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DirecTV App: Convenient, Intuitive, Light on Power

By Paul Hartsock MacNewsWorld ECT News Network
Apr 23, 2009 4:00 AM PT

DirecTV App: Convenient, Intuitive, Light on Power

DirecTV, an app by the satellite TV provider of the same name, is available for free at the App Store. I don't really know how to watch regular TV anymore. It's become difficult to take in any sort of home entertainment that won't pause at my will. What if I want to grab a snack, settle a spontaneous spasm of curiosity by looking something up on the Web, or just go do something else and finish this later?

Thankfully, my attention span hasn't been battered to the point at which I can't enjoy a live show or movie at a theater, but I've caught myself reaching for the remote on more than one occasion.

This spoiled little mentality of mine all started with TiVo, and it just got worse once iTunes started doing video and Hulu came along. Broadcasters hate DVRs, of course, because they let you speed through commercials. I can understand the concern, even if I do usually hit the FF button when ads start up. But even if every DVR on the market made you sit through ads, digital recorders would still be worth it because of the "any time, on your time" factor: Watch what you want, when you want, and take your sweet time if that's the way you like it. Force-feed me ads in pre-roll, post-roll, mid-roll -- I don't care, as long as I get a pause button, a rewind button, and the ability to start watching when I want, not when a network's schedule dictates.

The ability to program your DVR from anywhere, even when you're far from home, is yet another link in the convenience chain. If you're a DirecTV DVR user, you've been able to do this for a while via its Web site, and now -- if you also happen to be an iPhone user -- you can do it through your handset with a dedicated app.

Set Up and Go

The DirecTV app accesses the satellite provider's programming schedule via a celluar or WiFi connection and can schedule recordings on your at-home DVRs. In order to use it, you have to set up online control capabilities through DirecTV's Web site. Identify your account and give yourself a password. Once that's done, you'll use the same sign-on to access your account via the iPhone app. You can set the app to remember your log-in or ask for your info each time you use it.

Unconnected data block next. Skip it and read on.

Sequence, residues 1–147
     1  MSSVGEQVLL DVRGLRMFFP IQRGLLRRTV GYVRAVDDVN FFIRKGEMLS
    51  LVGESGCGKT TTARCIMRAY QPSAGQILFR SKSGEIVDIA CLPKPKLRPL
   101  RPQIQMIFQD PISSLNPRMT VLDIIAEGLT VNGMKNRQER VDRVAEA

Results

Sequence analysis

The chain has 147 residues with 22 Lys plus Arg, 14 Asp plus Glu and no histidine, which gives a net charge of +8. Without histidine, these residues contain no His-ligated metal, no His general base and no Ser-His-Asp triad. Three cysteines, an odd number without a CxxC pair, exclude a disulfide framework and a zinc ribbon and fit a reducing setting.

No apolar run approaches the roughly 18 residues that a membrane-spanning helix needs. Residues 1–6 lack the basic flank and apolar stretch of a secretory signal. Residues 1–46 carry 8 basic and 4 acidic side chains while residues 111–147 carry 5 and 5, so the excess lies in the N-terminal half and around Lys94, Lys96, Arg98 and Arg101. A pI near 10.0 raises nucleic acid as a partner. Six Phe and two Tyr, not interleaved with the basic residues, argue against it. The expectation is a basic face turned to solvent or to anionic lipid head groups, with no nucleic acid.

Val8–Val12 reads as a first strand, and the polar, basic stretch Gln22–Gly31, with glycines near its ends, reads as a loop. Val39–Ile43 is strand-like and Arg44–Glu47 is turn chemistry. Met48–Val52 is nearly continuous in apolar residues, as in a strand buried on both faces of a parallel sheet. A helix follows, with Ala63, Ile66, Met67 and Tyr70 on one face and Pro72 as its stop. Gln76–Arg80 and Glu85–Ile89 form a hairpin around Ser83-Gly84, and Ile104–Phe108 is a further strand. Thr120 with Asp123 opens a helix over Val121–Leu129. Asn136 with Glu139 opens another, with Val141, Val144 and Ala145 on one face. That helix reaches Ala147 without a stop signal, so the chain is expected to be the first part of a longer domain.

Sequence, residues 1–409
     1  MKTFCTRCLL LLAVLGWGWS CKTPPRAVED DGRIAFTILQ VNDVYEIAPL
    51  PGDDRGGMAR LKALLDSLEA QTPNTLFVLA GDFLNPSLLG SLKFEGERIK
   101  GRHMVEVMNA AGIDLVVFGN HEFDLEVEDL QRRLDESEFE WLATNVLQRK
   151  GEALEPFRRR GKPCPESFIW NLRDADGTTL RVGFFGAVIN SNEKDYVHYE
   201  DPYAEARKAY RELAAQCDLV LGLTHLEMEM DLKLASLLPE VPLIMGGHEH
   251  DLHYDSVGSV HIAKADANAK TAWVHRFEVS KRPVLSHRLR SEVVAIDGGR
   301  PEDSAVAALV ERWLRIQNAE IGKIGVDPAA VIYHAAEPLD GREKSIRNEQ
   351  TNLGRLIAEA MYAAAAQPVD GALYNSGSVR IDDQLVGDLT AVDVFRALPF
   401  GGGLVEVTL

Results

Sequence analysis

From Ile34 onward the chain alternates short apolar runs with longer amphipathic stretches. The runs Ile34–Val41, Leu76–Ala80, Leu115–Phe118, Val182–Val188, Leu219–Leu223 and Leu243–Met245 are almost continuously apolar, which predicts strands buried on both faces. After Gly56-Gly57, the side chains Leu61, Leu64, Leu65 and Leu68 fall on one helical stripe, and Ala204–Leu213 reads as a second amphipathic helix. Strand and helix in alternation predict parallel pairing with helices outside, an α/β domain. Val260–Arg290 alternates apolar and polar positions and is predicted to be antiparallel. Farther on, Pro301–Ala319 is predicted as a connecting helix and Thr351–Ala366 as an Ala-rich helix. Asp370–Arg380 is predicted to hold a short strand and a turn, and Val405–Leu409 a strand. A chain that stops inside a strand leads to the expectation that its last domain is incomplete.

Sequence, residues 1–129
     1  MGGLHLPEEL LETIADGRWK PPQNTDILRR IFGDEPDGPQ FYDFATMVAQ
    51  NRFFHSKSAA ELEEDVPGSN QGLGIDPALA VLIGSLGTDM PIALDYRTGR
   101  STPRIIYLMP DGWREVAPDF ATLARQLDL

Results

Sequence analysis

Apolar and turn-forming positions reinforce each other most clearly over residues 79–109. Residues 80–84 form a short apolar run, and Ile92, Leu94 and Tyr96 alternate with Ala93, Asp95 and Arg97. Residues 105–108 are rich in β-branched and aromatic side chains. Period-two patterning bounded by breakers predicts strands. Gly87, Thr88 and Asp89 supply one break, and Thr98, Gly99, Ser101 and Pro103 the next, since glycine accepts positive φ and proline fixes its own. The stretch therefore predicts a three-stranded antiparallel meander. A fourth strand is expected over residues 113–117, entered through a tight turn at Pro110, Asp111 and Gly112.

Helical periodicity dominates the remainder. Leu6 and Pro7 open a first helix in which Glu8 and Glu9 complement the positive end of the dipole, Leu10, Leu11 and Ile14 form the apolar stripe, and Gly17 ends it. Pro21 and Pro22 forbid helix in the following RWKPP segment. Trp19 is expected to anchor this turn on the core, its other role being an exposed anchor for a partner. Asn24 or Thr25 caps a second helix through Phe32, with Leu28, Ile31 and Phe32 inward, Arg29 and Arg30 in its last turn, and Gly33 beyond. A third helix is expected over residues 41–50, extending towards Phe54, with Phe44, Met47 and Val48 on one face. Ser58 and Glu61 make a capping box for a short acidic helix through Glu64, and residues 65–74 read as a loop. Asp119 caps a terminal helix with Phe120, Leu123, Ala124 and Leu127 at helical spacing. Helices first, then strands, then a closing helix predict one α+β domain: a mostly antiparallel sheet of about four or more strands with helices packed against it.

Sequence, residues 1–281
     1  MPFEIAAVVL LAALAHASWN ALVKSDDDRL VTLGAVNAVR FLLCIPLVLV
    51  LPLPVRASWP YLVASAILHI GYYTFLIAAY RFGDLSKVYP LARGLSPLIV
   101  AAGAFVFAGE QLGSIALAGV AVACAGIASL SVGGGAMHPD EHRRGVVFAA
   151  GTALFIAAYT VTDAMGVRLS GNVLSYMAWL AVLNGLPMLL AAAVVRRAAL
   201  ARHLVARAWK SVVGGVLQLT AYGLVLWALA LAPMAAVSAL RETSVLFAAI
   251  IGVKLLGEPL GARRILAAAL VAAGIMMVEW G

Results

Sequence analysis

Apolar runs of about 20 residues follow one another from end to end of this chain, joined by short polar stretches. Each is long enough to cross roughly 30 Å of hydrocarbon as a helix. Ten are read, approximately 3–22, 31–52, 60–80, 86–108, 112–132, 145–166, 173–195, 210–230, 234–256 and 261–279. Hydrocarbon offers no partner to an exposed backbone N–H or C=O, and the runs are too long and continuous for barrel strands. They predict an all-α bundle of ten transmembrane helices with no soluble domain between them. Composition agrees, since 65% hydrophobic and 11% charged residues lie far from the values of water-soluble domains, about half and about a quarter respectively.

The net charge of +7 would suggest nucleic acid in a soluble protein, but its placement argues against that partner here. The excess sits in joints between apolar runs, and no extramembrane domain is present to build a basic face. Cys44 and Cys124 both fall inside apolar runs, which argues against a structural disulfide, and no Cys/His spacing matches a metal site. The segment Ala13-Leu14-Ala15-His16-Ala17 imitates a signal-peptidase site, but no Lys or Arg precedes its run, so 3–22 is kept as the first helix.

Once you're in, the DirecTV app is incredibly easy to use. You can search for programs by name, browse by channel (ordered by channel name or channel number), and browse by date and time. HD programming is usually marked as such, and you can tell it whether to show you all the channels in the DirecTV universe or only the ones available under your plan.

If you find a show you want to record, setting it up is a lot like doing so through the DVR proper. Tap the name, and you get a list of upcoming showings. Tap a showing, and you get a description, plus the option to record the entire series or just that episode. From there, you can tell the app which receiver you want it to record on (bedroom, living room, etc.) and give it a priority setting. "Definitely record" will make the selection pre-empt any other shows you may have already set for that time; "Record if possible" means it goes on the bottom of the totem pole. You can also set it to keep the recording until the DVR is full or until you specifically delete it.

Snappy Response

To see how fast selections get added to the DVR's to-do list, I sat in my living room, added a handful of random shows using the app, and continuously reloaded my list of upcoming recordings using the actual DVR in front of me. Each show took less than half a minute to appear on the lineup.

The DirecTV app doesn't offer complete control, though. For instance, there's nothing here like the Prioritizer -- the DVR's list of all your recurring recordings in order of importance. So small scheduling changes can't be done. Also, you can't delete any scheduled programs, so if you screw up and program "Facts of Life" reruns to record over your favorite show -- well, there's always iTunes and Hulu.

Bottom Line

DirecTV for iPhone is intuitive, responsive and convenient.

The absence of a delete option and more advanced prioritizing controls is no big deal, considering it's a free app that does offer some practical and convenient features.

Perhaps an update -- or even a two-buck paid version -- could provide those tools in the future.

What do you see as the biggest obstacle to mainstream adoption of video calling?
Too many steps are required to reach a contact.
Video quality is often poor -- dropped calls, frozen images.
There's no advantage to face-to-face communication in most cases.
Too many people feel uncomfortable on live cameras.
There are too many security and privacy issues.
The trend is away from personal engagement and toward texting.
The obstacles are fading, and video calling is well on its way to adoption.